Social Life on the Rocks: Behavioral Diversity and Sexual Selection in Collared Lizards (pp. 213-246)
Authors: (Troy A. Baird, University of Central Oklahoma, OK, USA)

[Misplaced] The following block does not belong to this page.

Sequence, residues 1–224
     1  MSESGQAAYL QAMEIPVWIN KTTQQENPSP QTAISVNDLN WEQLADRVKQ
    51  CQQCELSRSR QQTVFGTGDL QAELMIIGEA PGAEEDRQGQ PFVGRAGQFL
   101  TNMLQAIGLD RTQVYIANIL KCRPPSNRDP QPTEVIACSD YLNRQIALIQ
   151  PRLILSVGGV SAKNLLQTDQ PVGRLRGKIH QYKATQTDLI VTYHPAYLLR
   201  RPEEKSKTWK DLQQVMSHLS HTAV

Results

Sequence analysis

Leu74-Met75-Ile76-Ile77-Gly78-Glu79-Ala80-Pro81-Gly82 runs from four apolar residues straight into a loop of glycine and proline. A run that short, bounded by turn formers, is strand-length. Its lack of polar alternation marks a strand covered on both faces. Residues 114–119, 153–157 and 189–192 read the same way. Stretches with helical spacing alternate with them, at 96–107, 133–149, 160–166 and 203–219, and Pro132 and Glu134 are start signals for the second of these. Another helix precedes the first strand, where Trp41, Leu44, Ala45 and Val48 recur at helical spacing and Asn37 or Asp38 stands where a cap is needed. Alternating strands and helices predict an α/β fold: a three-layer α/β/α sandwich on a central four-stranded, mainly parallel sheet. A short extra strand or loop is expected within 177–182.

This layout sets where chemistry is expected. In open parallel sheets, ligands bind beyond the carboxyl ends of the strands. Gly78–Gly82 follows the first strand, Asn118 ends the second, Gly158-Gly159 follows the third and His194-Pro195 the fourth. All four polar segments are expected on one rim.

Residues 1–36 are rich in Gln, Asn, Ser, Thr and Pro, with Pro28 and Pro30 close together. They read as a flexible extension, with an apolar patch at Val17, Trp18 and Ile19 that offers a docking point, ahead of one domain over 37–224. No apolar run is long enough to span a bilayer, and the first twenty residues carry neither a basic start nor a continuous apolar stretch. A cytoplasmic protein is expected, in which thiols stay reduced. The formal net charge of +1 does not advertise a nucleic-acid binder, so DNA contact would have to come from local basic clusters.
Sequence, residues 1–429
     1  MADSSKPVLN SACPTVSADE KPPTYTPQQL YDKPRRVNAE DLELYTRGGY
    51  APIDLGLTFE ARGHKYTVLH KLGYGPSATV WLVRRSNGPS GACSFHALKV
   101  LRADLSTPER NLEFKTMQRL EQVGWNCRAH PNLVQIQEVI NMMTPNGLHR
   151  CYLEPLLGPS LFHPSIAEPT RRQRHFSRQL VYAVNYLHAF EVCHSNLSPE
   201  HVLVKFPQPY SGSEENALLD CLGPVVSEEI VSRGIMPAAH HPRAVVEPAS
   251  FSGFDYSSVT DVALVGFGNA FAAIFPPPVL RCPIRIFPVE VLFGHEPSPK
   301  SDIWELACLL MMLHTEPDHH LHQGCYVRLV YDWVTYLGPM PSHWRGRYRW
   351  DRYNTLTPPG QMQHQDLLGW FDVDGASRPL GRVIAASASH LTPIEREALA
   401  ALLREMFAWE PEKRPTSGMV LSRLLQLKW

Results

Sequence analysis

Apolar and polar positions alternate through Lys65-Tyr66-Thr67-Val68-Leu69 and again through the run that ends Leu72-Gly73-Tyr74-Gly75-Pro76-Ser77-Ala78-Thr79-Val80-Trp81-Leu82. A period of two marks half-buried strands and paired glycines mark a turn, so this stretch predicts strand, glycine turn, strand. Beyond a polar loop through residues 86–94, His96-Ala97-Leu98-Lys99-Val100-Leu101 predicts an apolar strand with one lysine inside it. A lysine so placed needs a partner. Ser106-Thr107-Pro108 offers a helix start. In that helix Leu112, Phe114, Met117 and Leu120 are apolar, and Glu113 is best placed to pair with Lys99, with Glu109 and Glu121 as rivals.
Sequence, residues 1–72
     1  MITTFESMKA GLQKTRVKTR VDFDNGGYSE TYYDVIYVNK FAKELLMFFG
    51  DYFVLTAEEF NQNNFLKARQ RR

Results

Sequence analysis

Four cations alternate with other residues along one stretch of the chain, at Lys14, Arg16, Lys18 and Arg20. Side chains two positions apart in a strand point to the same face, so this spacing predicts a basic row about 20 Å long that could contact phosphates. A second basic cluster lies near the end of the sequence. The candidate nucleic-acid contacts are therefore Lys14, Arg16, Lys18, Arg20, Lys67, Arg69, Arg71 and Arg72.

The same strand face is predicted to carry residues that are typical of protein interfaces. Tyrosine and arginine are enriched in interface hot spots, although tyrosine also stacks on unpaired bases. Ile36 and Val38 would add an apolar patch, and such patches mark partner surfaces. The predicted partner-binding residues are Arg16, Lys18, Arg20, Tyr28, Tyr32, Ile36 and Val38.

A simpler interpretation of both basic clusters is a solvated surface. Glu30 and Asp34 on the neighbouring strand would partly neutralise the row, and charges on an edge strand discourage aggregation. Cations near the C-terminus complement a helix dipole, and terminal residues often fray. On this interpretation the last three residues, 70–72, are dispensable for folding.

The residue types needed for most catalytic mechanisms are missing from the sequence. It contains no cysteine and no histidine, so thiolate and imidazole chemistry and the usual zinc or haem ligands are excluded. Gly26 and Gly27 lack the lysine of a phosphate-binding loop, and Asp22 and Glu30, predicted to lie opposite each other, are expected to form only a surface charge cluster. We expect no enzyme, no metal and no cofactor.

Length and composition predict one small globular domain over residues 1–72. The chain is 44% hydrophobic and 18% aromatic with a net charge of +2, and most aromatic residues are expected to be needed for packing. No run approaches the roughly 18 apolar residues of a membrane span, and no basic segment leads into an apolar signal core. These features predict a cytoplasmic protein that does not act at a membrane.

Abstract: Collared lizards, Crotaphytus collaris, are restricted to patches of exposed rock habitat using elevated perches to sight arthropod prey, but have also colonized flood-control spillways. These homogenous boulder fields facilitate life-long observation of the same individuals beginning as hatchlings. Studies in my laboratory have revealed a marked influence of sexual selection and the evolutionary costs and benefits of aggression on social behavior. Large males are conspicuously colored which promotes advertisement to females and rival males. Mature first-year males adopt stealthy space use and social behavior and their coloration is less conspicuous which promotes effective foraging and fast growth. Social tactics are plastic in both sexes. Females defend core areas when foraging perches are limited, but not when they are abundant. First-year males quickly shift to territorial tactics when older territorial males are removed experimentally or by predators. There is also marked within-season temporal variation in territorial behavior. Re-establishing occupancy does not require intense aggression early each season because philopatry to the same territories is high. Instead, males invest in courtship early and postpone the highest rates of advertisement until frequent display did not detract from opportunities to court and mate. At mid-season, experienced males reduce their defense costs by responding to challenges less aggressively than do inexperienced males. Courtship frequency was much higher in territorial than non-territorial males, and correlated best with the frequency of visually broadcast displays. Microsatellite studies of paternity indicate, however, that non-territorial males sire a surprisingly high percentage of hatchlings. Sneaking tactics may be particularly effective because homogeneous expanses of habitat allow first-year males to hide while remaining near to females that choose to mate with multiple males and produce as many as four clutches per season.